Tag Archives: spatial data

Inspire: Part I

Inspire Directive's Weird Logo

This post begins my Inspire series. The series contains general information, what is Inspire, and when it happens. I won’t go too deep into details and the law text of the Inspire directive, which could easily make my few subscribers press the unsubscribe button.

Introduction

As some hawk-eyed readers might have noticed, Inspire is a directive meaning that it is a legislation for which EU members are bound.  It is also an initiative to create a European SDI. It aims for

  1. better coordination between government agencies,
  2. more effective usage of spatial data sets,
  3. and diverse services for citizens.

The directive itself  can be emphasized in following keywords: interoperable spatial datasets, exchange of spatial data services, their joint use availability in various levels of governing and industries. If we bring the keywords together in one sentence, it might look like this:

“The directive’s aim is to enable exchange, joint use, and availability of spatial data sets, and services associated with this information.”

Spatial Data sets

There are 42 spatial data themes to which the directive is applied, and they belong to 3 Annexes. I won’t list them here, you can find them in the sources.

Whew! Time to have a deep breath, yes, just like that. This is needed before going to metadata.

Metadata

The agencies that provide the spatial data sets should provide their metadata and attach it to the services. Metadata includes descriptions about the data the agencies make available. For metadata enthusiasts, you might want to check out this document: http://eur-lex.europa.eu/LexUriServ/LexUriServ.do?uri=OJ:L:2008:326:0012:01:EN:HTML

End

This is the end of the part. Part II will tell you, what are the methods to implement this, and what a moon (what an earth is too often used, so I use moon instead) are the services, which should provide the 42 data themes?! Stay tuned.

Sources

http://www.agi.org.uk/SITE/UPLOAD/DOCUMENT/policy/inspire_intro.pdf

http://www.paikkatietoikkuna.fi

http://www.inspire-geoportal.eu

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Spatial Data Transformation

What is transformation? Changing a form is a good answer, and that’s what we see in everyday life. We are eager to physically transform ourselves to look better, or we want to transform the objects around us, such as an egg, milk and salt transforms to an omelet. How can objects be transformed then? It’s not just transforming them, but knowing clearly what is the original form and the resulting form. We cannot make an omelet, if we know nothing how eggs behave on a pan, and how an omelet should look, smell and most importantly, taste.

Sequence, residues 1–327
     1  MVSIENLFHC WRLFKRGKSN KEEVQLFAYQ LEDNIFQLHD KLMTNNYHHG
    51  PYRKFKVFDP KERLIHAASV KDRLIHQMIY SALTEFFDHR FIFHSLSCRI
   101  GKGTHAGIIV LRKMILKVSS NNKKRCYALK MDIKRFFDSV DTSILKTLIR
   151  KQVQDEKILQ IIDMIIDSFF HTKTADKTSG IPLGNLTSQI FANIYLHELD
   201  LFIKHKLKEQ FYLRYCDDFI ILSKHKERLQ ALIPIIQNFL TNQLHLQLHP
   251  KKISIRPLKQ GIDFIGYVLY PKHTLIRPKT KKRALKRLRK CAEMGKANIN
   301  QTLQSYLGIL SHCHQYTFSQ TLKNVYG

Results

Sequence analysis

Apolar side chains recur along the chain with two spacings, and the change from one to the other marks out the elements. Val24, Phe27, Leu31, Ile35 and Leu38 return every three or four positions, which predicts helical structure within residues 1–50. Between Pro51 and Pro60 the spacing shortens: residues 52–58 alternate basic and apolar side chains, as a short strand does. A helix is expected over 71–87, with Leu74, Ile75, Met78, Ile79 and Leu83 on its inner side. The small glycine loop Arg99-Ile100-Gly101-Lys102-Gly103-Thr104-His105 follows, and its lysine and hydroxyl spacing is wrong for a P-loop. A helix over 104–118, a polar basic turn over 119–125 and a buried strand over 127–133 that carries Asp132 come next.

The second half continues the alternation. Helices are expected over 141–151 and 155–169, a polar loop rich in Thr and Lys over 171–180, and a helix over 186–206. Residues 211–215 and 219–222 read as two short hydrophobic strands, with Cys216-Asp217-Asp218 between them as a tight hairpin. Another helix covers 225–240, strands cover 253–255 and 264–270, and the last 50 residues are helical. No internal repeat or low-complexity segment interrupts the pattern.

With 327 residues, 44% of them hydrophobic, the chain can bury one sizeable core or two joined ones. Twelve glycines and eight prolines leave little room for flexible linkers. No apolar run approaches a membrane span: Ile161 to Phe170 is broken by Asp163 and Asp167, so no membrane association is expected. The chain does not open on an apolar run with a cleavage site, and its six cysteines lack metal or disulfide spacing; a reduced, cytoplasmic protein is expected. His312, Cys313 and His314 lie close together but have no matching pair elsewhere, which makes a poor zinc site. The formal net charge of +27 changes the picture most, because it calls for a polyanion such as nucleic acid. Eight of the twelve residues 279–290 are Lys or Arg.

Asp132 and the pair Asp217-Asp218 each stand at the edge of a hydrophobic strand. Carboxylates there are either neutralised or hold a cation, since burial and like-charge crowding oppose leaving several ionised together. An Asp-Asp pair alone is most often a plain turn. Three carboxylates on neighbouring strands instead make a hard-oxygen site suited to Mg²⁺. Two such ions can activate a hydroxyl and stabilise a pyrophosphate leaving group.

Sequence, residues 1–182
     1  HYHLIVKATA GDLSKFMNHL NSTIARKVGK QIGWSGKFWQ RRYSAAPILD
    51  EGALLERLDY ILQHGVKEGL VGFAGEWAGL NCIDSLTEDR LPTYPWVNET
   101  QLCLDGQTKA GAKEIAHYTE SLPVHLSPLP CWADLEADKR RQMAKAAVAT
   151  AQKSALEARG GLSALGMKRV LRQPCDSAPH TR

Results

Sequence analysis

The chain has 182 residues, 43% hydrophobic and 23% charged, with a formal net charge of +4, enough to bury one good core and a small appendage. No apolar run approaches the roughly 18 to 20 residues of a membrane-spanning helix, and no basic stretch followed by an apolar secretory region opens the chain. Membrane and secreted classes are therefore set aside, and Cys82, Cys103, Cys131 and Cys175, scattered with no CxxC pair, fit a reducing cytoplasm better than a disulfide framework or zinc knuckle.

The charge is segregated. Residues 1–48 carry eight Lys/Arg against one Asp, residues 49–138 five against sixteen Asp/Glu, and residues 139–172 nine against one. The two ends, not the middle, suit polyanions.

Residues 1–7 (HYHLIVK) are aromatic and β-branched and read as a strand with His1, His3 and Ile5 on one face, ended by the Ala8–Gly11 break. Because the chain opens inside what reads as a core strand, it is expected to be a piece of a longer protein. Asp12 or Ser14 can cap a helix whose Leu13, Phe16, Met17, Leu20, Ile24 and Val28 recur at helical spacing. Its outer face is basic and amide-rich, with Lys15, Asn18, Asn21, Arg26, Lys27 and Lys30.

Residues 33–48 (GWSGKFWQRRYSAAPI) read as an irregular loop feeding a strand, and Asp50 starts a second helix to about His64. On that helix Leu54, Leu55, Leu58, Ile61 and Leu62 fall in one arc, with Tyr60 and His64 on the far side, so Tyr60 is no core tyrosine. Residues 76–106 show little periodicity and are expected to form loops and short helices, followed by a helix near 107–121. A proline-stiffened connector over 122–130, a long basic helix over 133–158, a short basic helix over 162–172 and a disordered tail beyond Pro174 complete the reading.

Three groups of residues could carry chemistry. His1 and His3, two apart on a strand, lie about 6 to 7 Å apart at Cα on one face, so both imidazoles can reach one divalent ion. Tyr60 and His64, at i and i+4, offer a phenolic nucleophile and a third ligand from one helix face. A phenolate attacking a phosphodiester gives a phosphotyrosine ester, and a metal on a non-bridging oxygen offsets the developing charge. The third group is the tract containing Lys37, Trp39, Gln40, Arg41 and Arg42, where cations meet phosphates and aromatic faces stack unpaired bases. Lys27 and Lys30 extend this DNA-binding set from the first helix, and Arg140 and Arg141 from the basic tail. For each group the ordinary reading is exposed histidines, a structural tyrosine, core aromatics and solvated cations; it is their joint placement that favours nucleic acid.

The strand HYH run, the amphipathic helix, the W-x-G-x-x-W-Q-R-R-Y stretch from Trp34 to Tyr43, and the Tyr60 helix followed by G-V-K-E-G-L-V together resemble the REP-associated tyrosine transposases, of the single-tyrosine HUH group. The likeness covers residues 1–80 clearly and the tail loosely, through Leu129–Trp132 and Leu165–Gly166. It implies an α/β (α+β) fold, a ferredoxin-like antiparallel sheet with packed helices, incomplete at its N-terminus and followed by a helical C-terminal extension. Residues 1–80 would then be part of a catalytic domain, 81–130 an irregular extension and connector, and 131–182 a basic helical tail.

In spatial data world, things are not always going as smoothly as with cooking omelets. Occasionally omelets burn, and might taste terrible, but I say that transforming spatial data is much harder. If you are a GIS specialist and have to transform data from format 1 to format 2. You have to have a deep knowledge of the two formats and their data models. Format 1 can have its own data model totally different from the format 2 data model. They might have vastly different geometry and attribute types, that there is no way to transform them automatically. And, the poor GIS specialist has to spend most of his work time to manually fix his data, click after click.

Previously described might have been almost impossible to solve before. There are very good transformation software for spatial data including GoPublisher, FME and others. They are meant to make people’s work easier and faster. The transformation software knows the source format and the result data, and can repeat the transformation process over and over.  The only problem is that how can the specialists be assured that these transformation software help them, makes their work easier, and lets them concentrate on GIS. Is it fear of the new? Having been fixing data errors click after click for 10 years might make some afraid of changes. They surely know what the two data forms, the source format and the result, are all about. They have it all inside their heads. These GIS specialists are true specialists, they surely know what they’re doing. I say, that combining all that knowledge with modern data transformation tools, would make a lot of transformation projects much shorter.

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